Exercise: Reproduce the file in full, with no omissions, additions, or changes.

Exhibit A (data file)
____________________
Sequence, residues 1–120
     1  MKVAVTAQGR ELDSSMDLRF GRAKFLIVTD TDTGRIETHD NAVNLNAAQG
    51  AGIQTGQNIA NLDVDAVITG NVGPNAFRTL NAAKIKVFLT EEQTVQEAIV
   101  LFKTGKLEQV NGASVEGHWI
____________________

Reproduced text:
Sequence, residues 1–120
     1  MKVAVTAQGR ELDSSMDLRF GRAKFLIVTD TDTGRIETHD NAVNLNAAQG
    51  AGIQTGQNIA NLDVDAVITG NVGPNAFRTL NAAKIKVFLT EEQTVQEAIV
   101  LFKTGKLEQV NGASVEGHWI